Activation of AMP-activated protein kinase in the liver: a new strategy for the management of metabolic hepatic disorders

J Physiol. 2006 Jul 1;574(Pt 1):41-53. doi: 10.1113/jphysiol.2006.108506. Epub 2006 Apr 27.

Abstract

It is now becoming evident that the liver has an important role in the control of whole body metabolism of energy nutrients. In this review, we focus on recent findings showing that AMP-activated protein kinase (AMPK) plays a major role in the control of hepatic metabolism. AMPK integrates nutritional and hormonal signals to promote energy balance by switching on catabolic pathways and switching off ATP-consuming pathways, both by short-term effects on phosphorylation of regulatory proteins and by long-term effects on gene expression. Activation of AMPK in the liver leads to the stimulation of fatty acid oxidation and inhibition of lipogenesis, glucose production and protein synthesis. Medical interest in the AMPK system has recently increased with the demonstration that AMPK could mediate some of the effects of the fat cell-derived adiponectin and the antidiabetic drugs metformin and thiazolidinediones. These findings reinforce the idea that pharmacological activation of AMPK may provide, through signalling and metabolic and gene expression effects, a new strategy for the management of metabolic hepatic disorders linked to type 2 diabetes and obesity.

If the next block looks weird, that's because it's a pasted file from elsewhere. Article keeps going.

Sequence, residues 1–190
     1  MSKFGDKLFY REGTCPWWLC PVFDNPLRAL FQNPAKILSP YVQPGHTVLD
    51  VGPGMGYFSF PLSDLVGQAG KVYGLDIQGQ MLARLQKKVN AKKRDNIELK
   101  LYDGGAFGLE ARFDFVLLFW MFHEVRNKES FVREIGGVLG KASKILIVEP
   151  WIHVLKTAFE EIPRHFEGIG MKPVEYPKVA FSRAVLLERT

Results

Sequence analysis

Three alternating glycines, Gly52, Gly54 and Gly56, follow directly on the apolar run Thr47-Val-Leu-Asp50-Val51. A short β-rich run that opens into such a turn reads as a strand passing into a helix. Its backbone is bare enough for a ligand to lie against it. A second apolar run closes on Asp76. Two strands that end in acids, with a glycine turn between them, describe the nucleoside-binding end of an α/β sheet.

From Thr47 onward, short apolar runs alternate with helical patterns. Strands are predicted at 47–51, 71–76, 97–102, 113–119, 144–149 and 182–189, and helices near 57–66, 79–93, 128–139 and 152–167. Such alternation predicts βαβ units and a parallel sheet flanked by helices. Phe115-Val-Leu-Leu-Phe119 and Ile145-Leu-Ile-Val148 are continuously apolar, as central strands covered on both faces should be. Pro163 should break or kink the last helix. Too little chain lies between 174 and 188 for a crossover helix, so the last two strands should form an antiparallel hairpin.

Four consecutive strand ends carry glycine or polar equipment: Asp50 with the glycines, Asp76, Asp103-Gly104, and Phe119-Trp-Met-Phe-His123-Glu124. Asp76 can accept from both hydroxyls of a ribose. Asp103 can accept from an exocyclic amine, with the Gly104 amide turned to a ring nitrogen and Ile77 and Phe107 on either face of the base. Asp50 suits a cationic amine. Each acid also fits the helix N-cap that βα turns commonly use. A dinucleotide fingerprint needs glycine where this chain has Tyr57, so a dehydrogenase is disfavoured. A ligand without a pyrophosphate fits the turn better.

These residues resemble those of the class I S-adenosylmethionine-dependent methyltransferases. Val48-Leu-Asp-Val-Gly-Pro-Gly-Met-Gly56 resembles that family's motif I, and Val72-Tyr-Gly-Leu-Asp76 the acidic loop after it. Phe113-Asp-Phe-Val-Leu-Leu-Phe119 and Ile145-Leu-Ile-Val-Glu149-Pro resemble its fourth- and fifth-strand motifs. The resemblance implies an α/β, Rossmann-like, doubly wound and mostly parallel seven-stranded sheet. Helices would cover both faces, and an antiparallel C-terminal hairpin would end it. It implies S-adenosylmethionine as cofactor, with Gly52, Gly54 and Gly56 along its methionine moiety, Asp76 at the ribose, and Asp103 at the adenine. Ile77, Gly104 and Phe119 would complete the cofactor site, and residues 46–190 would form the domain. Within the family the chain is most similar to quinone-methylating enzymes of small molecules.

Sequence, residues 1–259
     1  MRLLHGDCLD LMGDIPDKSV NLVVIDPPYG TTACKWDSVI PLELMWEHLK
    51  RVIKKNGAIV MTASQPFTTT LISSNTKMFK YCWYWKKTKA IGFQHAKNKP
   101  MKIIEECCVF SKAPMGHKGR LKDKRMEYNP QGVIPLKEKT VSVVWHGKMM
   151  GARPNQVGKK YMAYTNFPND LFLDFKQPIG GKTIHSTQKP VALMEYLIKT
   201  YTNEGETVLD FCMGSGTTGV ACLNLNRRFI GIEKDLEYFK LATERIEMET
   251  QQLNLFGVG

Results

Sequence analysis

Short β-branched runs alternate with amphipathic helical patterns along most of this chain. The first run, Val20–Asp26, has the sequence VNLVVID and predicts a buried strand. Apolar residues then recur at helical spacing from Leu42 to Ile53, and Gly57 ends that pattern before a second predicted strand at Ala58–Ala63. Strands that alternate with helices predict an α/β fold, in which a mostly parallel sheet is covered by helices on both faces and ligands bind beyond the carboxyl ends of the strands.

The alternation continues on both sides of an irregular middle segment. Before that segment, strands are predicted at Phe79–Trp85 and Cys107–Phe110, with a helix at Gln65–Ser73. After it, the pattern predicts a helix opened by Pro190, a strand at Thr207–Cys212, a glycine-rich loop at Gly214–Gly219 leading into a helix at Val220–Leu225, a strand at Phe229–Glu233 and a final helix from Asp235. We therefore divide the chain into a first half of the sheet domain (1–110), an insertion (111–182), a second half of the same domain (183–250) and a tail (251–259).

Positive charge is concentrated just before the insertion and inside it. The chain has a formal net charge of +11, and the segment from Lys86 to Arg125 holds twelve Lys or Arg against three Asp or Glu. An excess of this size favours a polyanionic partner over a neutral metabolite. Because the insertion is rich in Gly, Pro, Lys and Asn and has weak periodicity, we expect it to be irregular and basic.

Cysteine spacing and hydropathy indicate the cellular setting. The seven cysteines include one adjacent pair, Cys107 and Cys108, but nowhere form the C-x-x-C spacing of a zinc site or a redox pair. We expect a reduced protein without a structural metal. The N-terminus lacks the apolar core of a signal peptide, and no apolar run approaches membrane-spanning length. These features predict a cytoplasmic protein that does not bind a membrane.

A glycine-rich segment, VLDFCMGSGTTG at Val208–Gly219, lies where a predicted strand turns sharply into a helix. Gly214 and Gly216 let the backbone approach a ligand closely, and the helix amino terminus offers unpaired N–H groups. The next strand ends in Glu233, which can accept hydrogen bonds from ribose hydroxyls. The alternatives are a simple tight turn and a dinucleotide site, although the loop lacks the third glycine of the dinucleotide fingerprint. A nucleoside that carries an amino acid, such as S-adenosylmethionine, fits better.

Publication types

  • Research Support, Non-U.S. Gov't
  • Review

MeSH terms

  • AMP-Activated Protein Kinases
  • Animals
  • Diabetes Mellitus, Type 2 / drug therapy
  • Diabetes Mellitus, Type 2 / enzymology*
  • Enzyme Activation / drug effects
  • Glucose / metabolism*
  • Glycogen / metabolism*
  • Humans
  • Liver / drug effects
  • Liver / enzymology*
  • Liver Diseases / drug therapy
  • Liver Diseases / enzymology*
  • Multienzyme Complexes / drug effects
  • Multienzyme Complexes / metabolism*
  • Obesity / drug therapy
  • Obesity / enzymology*
  • Protein-Serine-Threonine Kinases / drug effects
  • Protein-Serine-Threonine Kinases / metabolism*

Substances

  • Multienzyme Complexes
  • Glycogen
  • Protein-Serine-Threonine Kinases
  • AMP-Activated Protein Kinases
  • Glucose